Do you regularly say things like “I’m a sugar addict,” or, “I just can’t control myself around [insert any food]”?
Do you find yourself avoiding social situations because you don’t trust yourself around food?
Are you on the flip side of that coin and you partake until you feel guilt about your choices and try to restrict later to make up for it?
You’re not alone. These are thoughts that so many women have even if they don’t say them out loud.
But those things don’t have to be how you continue to define yourself.
It’s possible to improve your relationship with food and learn how to trust yourself, even around your “triggers.”
Or keep reading the post below:
Wipe the Slate Clean
The first step in learning to trust yourself around food is to be willing to wipe the slate clean and accept that what you have done in the past does not need to affect your future.
If you continue doing the things you’ve always done, you’re going to continue to get the results you’ve always gotten.
This also means being willing to rewrite the stories you have been telling yoruself about who you are around food.
You can’t continue to say things like “This food is my kryptonite,” or “I know I won’t be able to control myself if this food is on the table.”
Giving up that identity as someone who doesn’t have control and instead talking to (and about) yourself as the in control person you want to become is one of the most important things you can do to help you improve your relationship with food.
Earn Your Trust Back Around Food
In order to trust yourself around food, you’re going to have to be around food.
I’m sure you may be reading this and thinking, “Duh, of course, I have to be around food, but it doesn’t have to be that food.”
And, you’re right.
You can choose to completely eliminate a trigger food from your diet if you know that the end result of eating it is going to make you feel worse.
With that said, I would encourage you to consider moderation as opposed to complete elimination.
If your trigger food is something you know is going to show up in your life outside of your home, then you can’t truly eliminate the temptation.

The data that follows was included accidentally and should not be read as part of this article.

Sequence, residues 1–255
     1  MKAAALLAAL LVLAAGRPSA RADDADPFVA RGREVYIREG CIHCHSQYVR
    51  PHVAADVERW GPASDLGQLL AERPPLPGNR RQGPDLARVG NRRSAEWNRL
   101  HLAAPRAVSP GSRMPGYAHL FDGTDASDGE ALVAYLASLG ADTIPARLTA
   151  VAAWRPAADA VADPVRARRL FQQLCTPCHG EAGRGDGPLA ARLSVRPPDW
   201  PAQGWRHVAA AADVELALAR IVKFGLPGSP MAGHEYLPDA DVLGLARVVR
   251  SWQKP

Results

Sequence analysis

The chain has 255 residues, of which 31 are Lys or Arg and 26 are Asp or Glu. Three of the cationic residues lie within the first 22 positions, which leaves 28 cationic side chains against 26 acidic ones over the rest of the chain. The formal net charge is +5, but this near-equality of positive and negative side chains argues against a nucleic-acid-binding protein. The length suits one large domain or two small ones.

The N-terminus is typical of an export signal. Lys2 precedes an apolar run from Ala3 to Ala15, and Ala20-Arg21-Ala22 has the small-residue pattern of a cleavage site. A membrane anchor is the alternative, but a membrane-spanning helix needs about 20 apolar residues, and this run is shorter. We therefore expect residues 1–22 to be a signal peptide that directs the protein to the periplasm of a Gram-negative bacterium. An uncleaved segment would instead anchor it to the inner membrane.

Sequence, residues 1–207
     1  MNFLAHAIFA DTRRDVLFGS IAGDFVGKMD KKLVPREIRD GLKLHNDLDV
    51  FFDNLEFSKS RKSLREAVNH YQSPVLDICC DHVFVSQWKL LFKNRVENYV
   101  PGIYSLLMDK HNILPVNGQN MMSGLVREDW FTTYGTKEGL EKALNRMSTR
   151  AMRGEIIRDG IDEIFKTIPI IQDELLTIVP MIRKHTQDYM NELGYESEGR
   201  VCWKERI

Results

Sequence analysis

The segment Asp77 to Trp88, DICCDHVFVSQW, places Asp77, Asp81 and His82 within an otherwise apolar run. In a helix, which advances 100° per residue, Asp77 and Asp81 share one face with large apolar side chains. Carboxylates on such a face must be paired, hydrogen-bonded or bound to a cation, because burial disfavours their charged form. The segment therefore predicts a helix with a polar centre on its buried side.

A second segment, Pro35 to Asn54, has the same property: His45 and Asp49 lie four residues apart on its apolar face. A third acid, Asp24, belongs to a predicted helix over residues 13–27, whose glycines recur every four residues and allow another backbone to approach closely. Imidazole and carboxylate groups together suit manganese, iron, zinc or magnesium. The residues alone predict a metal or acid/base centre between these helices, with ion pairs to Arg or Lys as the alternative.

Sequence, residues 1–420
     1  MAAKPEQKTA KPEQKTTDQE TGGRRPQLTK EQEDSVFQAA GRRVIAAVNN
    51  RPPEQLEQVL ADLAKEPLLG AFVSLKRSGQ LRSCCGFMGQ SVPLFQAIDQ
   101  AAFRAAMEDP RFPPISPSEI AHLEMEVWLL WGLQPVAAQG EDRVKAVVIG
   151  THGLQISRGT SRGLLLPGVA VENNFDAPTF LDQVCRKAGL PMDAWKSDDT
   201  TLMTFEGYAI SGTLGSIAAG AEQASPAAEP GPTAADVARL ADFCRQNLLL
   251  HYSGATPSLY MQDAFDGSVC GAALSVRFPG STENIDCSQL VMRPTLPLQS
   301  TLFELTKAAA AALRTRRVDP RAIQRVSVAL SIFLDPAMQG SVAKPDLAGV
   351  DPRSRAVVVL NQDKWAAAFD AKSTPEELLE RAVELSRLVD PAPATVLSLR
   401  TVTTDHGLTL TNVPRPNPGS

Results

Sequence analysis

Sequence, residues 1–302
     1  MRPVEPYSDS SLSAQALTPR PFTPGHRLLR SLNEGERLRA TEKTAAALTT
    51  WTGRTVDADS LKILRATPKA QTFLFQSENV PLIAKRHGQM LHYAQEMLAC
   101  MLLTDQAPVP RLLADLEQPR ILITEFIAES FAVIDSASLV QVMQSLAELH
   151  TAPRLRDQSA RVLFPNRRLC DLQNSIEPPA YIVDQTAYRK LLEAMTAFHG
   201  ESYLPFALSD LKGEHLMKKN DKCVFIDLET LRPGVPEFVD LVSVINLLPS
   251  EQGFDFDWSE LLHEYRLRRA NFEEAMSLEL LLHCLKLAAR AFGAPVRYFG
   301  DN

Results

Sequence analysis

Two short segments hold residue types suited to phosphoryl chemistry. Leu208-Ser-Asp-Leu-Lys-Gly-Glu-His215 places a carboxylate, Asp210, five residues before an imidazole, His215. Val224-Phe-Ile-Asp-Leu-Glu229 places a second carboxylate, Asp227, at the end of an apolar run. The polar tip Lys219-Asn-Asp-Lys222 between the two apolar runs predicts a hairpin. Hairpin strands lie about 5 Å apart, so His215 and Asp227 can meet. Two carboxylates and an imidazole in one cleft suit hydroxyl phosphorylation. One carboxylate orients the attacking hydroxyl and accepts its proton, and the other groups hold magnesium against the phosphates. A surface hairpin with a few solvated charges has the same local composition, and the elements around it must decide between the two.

By allowing yourself to be around the food and eat in moderation, you are proving to yourself that you can be trusted.
Then when you are in social situations where anxiety might be high and the food is present and your default may have been to “fix” your emotions with that comfort food, you can trust that you’ve done the work to be able to enjoy in moderation and walk away satisfied – physically and emotionally.
Name Your Emotions
Another important step in the process of learning to trust yourself around food is being able to notice and name your emotions and find the thoughts that are driving them.
Once you’ve done that, you need to sit with the discomfort of the negative emotions (guilt, shame, frustration, etc.) to get to the root cause and start to change the way you feel about indulgences.
Naming the emotion, accepting it for what it is, and pausing to process it will allow you to see that you don’t need to react to it
You will be able to allow the negative emotion to run its course without feeling the need to respond with over exercising or food restriction.
In our Gone for Good program, we help you address the root issues that have held you back from losing weight for good and becoming the healthiest, happiest, most confident version of yourself.
Part of that is learning how to trust yourself around food if you’ve struggled with it in the past. If this is something you need help with, check out estheravant.com/coaching for more info.